What is Foreign?

A couple of years ago I went to Seoul, Korea for the first time and absolutely loved it. It’s combination of history and incredible modernity was simply amazing and I was anxious to go back. Well, we did indeed and this time we took my niece Emma for her first big adventure. We travel a fair amount and over the years we’ve had our share of experiences as well as obstacles in foreign countries but in Seoul we had an experience that was completely unforgettable.

En route to tour the amazing Gyeongbuk Palace Emma didn’t feel well on the subway train. She asked to get off, which we did and she immediately took ill and collapsed onto the floor of the station platform. We were instantly surrounded by kind and loving people who sincerely offered assistance. A little old lady helped me get Emma up and seated. She also got her some water and helped her drink. A young man called 911 (actually 119 in Korea) and everyone spoke to us with tenderness and compassion. Nobody could speak English! The subway worker, 2 police officers and 2 EMT’s came…none of them spoke English either but all showed enormous courtesy. She was taken to a hospital in an ambulance where treatment was equally wonderful. Even there, only one doctor and another liaison person spoke fluently.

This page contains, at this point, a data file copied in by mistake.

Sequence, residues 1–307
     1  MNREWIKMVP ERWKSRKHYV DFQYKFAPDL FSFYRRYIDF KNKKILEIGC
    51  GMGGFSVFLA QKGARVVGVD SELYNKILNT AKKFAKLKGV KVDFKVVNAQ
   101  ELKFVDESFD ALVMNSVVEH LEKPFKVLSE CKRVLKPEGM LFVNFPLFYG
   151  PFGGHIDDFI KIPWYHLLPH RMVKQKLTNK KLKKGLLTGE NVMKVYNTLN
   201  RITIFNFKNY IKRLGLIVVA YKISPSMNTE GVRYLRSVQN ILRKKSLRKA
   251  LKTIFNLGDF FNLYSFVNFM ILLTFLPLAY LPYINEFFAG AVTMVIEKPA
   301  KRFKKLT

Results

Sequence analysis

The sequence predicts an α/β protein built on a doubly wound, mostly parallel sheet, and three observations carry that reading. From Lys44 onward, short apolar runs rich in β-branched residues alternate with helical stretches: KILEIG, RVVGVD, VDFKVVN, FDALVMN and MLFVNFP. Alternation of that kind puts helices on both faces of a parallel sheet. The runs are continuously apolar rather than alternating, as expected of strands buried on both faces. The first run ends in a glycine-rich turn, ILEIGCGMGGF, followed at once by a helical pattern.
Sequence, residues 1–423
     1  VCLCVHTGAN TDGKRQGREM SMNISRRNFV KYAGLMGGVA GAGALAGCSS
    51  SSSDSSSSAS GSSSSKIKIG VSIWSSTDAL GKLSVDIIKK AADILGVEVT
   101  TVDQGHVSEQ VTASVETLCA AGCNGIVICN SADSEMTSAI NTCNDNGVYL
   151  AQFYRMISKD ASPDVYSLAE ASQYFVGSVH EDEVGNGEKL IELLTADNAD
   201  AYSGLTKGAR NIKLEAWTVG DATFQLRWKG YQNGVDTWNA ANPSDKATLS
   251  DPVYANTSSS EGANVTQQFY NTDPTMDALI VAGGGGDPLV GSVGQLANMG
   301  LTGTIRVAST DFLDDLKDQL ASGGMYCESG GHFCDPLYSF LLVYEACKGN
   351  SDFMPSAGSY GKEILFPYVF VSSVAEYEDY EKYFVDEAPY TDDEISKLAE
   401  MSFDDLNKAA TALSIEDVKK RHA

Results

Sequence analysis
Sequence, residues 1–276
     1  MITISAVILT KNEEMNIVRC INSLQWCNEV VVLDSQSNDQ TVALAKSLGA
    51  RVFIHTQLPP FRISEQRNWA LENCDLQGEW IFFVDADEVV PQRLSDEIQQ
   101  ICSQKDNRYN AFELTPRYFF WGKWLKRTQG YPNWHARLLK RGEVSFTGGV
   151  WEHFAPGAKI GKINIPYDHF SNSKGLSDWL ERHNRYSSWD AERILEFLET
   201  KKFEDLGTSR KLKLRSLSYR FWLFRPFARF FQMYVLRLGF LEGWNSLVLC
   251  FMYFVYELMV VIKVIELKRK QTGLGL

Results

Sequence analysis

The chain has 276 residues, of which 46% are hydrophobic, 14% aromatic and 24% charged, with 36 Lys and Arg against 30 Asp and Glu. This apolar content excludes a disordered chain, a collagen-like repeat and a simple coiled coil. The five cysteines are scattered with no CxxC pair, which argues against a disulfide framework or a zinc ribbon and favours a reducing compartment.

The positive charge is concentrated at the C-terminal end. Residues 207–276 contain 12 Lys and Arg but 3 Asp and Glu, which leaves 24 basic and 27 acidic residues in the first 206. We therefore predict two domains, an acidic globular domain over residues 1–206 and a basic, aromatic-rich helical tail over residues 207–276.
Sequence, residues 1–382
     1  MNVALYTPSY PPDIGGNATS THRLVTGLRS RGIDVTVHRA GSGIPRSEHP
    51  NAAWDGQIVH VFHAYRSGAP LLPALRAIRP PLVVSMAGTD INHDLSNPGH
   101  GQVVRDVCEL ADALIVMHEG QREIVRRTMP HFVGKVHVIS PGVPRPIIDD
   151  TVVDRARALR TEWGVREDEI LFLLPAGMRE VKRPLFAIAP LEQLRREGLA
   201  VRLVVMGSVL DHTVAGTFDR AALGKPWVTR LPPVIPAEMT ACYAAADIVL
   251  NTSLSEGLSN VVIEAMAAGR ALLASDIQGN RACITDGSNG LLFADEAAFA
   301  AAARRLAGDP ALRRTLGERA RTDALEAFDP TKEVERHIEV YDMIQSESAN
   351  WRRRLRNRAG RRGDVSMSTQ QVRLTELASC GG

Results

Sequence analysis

What could have been a very frightening thing turned into a beautiful one. We felt perfectly safe the whole time, how wonderful was that? They did several tests on Emma and she was fine. It was simply a combination of humidity, jet lag and the rush hour commuting that elevated stress levels. We finished our trip and had a simply fantastic time. What a great lesson for her! That no matter what our preconceptions about a “foreign” country, people are so much alike. The things that we all share in common are so much greater than the differences we have.

Oh, and guess what else. The bill for the services that included the ambulance and an EKG…$41.00. Imagine what it would have been here!

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